Cafferty: What Should Pres. Obama Emphasize In His State Of The Union Address Tomorrow?

From The Cafferty File: President Obama has the chance to use tomorrow's State of the Union address to reset his agenda and refocus the attention of

From The Cafferty File:

President Obama has the chance to use tomorrow's State of the Union address to reset his agenda and refocus the attention of the American people.

It's been a rough week for the president and his party - since the Democrats lost control of Ted Kennedy's Senate seat in Massachusetts. Without their filibuster-proof majority, the president's signature issue of health care reform is on life support.

And the public doesn't appear too disappointed about that. A new poll shows 70 percent of Americans think the Democrats' loss of their super-majority is a good thing.

Meanwhile the president is expected to announce a three-year freeze on all non-security federal discretionary spending. He claims this could save $250 billion over 10 years - which is a start, but still just a drop in the bucket considering the country's $12.5 trillion debt.

And, expect some liberals - you know, the president's base - to push back hard. Already critics on the left are calling the proposed spending freeze a mistake of historic proportions. Some compare Mr. Obama to Republican Herbert Hoover, who failed to pull the U.S. out of the great depression.

Others liken this to Democrat FDR's move to cut back on government spending in 1937 - the economy tanked and so did the Democrats in the following midterm election.

There's lots more on the president's plate too, like the jobs situation - which doesn't show many signs of turning around. Unemployment is at 10 percent… up from seven percent when Mr. Obama took office.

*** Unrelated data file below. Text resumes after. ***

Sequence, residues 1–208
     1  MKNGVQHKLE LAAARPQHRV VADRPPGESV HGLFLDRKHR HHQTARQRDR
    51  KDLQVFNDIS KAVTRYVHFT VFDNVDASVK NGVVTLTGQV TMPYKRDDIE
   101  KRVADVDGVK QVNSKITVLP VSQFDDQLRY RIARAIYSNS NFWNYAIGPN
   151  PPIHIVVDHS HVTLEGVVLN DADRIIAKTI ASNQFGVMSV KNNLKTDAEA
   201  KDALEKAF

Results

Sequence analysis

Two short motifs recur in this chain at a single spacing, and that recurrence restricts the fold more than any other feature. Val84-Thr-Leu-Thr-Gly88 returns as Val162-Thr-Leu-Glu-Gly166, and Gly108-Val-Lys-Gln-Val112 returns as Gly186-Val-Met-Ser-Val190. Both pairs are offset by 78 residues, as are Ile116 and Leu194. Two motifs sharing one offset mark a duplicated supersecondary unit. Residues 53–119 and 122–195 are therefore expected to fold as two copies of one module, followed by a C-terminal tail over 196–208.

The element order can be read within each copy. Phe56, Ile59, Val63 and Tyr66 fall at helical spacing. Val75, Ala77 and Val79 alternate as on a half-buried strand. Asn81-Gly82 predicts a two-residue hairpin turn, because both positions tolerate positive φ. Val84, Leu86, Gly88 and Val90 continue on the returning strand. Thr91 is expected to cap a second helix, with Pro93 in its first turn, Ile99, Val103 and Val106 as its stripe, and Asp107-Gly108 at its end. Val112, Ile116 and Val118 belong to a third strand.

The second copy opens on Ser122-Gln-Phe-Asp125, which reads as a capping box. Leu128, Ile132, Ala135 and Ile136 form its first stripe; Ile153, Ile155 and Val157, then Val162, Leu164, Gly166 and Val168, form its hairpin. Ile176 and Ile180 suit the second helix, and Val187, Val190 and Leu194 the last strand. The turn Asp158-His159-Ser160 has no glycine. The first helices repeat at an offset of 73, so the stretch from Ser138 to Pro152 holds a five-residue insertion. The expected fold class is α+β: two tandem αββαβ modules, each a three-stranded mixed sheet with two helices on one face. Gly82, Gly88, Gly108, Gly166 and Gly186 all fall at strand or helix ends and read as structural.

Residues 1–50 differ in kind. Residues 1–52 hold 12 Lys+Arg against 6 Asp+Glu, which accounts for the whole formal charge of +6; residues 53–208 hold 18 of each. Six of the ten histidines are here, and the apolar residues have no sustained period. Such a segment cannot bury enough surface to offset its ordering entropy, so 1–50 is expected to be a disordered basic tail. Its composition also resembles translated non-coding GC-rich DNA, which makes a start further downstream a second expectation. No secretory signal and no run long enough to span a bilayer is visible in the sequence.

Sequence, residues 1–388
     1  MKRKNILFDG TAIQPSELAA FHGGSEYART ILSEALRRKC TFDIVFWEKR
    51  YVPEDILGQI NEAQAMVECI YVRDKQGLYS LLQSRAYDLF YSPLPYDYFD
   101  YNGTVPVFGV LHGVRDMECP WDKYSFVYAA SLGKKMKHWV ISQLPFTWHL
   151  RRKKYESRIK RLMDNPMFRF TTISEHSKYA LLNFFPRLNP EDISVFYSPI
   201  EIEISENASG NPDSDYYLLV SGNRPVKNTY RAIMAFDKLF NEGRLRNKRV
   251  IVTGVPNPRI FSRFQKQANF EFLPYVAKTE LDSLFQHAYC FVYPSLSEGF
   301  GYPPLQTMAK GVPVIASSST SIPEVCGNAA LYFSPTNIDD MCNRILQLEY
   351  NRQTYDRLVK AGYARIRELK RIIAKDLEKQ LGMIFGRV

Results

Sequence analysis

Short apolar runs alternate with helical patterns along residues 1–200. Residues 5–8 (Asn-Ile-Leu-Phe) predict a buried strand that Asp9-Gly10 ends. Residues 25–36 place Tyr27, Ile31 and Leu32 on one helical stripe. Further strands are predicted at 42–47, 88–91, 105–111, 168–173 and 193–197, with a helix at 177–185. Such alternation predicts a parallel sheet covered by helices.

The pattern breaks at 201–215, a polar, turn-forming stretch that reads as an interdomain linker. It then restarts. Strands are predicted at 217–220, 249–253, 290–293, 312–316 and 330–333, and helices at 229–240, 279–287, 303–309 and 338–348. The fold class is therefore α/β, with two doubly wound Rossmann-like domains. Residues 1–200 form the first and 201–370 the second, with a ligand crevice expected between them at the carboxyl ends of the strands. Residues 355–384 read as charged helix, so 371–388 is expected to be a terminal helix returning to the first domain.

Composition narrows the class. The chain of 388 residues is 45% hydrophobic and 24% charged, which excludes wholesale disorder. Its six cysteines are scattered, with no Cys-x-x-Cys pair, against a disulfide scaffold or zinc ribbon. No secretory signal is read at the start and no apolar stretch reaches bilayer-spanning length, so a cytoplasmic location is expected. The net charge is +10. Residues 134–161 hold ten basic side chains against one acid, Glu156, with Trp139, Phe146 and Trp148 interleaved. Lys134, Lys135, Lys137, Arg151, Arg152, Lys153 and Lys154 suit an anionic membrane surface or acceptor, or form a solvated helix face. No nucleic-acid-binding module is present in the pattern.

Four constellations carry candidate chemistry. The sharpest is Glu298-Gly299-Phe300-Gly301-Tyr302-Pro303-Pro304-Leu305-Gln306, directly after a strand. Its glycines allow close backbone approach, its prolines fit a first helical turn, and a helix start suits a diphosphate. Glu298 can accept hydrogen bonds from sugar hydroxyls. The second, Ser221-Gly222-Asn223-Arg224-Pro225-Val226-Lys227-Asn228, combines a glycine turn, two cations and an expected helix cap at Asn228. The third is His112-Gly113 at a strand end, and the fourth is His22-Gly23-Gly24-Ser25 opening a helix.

Here’s my question to you: What should Pres. Obama emphasize in his State of the Union address tomorrow?

Penny from Bellevue, Washington writes:

He should say he's on the side of Main Street, not Wall Street, now. If a bank gambles and it goes wrong, the individual depositors will be reimbursed up to FDIC limits, and the bank can fail. No bailouts. And if there was any fraud or other illegal activity, then people WILL go to jail. I still haven't seen anyone go to jail for their part in almost causing a second Great Depression. I want to see accountability.

Anonymous writes:

Obama should telegraph that he's done being Mr. Nice Guy, and that his efforts to 'reach across the aisle' have been spurned at every turn (give examples) – therefore, Dems will plow ahead with their own agenda. The theme of the night should be “get on board, or get out of the way.”

Mary Jo from Pittsburgh writes:

He should say he's sorry for worrying too much about what conservatives think of him instead of what the majority of the American people who voted for him think.

Tom from Wisconsin writes:

The president should accentuate the positive. He had the audacity to hope we wouldn't panic facing down Great Depression Part II. Obama played the role of FDR to a "T" and few of us panicked. If Americans have half the guts Haitians have, there won't be any whining. It will be left foot-right foot, until we are out of this mess.

Luke writes:

President Obama should talk about his lived experience and talk about his passion. It is not enough to sway to the winds of political opinions. One must feel the passion of conviction, and then fight for it. Anything less is not worthy of a president.

Theresa writes:

Who is advising this man? Maybe that's the problem. It's time to take off the rose-colored glasses and see the mess with clear vision.

Lou from North Carolina writes:

Try to remember what he promised and address those issues one by one otherwise he is no different from the one before him.

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